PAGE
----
If Murdoch's journalists merely had less rigorous news standards, that would be one thing. But the evidence suggests that news coverage by the billionaire's media holdings is often driven by a political or ideological agenda. See, for example, the Columbia Journalism Review's expose Murdoch's Mean Machine: How Rupert uses his vast media power to help himself and hammer his foes for a look at how Murdoch and News Corp. executives have taken the art form of conflict of interest to new heights.
Or consider CJR's article Is Fox News Fair?, which quotes former employees complaining of 'management sticking their fingers in the writing and editing of stories and of attempting to cook the facts to make a story more palatable to right-of-center tastes.'
Or review OJR's A Cybersleaze Timeline: Anatomy of a Smear to see how the false report that accused Clinton of fathering a child with a black prostitute bubbled up from the supermarket tabloids into the mainstream media, courtesy of Fox News and its former cybergossip Matt Drudge, the New York Post (CLINTON PATERNITY BOMBSHELL) and even the Times of London.
Contrast all of that with Yahoo News' track record. Yahoo News has offered full and comprehensive coverage of the presidential primaries, offering breaking news, up-to-the-minute vote results, backgrounders, photos and a deep archive. Its Yahoo Full Coverage has the courage to transport users off the site by linking to the best news stories, documents, editorials and opinion pieces, ranging from the New York Times and the Jerusalem Post to Salon or a small local publication that has the deepest coverage of an important news story. 'One of the great things we've built up as a corporation here at Yahoo is a high level of consumer trust,' Rubin says, 'and so we want to make sure we bring on board only news organizations with a high degree of integrity and trustworthiness. If you're asking, 'Will Yahoo News be going more for the flash and trash?' the answer is no. There's so much incredibly cool stuff out there on the Web that we'll never be hurting for new content.'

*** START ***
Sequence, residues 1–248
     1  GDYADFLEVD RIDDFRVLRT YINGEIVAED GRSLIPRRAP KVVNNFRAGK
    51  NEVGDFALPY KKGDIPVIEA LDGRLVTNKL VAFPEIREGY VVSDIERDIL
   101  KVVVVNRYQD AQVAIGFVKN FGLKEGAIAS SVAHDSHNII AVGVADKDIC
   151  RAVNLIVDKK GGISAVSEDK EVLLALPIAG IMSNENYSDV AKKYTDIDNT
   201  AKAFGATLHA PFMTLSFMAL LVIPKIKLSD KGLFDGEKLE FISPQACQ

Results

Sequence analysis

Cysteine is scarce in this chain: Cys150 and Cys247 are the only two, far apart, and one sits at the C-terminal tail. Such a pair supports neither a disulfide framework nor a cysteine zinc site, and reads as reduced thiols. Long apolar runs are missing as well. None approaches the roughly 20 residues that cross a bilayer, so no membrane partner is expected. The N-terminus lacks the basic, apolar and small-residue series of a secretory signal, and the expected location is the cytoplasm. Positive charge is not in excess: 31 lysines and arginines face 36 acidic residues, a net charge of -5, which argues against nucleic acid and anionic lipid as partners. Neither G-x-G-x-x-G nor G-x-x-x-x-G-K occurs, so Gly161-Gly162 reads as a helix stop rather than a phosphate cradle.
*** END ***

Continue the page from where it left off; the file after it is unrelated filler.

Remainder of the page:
Rubin is right about that, and about the depth and variety of the Web's offerings. The media universe is plenty big enough to accommodate the New York Times, Matt Drudge and everything in between, including Murdoch's brand of news. Fox discussion programs, with their right-of-center sensibility, deserve an audience. The Post's tabloid journalism provides an often refreshing break from the blandishments of the establishment press. And heaven knows, the Web doesn't need help from the News Corp. when it comes to entertainment, buzz, sex and sizzle.
But Yahoo has never been just another Web site. For a lot of people, Yahoo is the Internet. It's where they begin and end their online forays. Young people in particular look to Yahoo News for a take on the day's most important news, rather than relying on their local newspaper or newscast.
'Young users have been through their formative years on the Web,' Rubin says. 'They were the first generation to be bred on the Internet. They trust reliable online news services more than they rely upon traditional media.'
That's a heavy responsibility. I hope it's one that Yahoo's higher-ups keep in mind when sitting across the table from Murdoch's henchmen.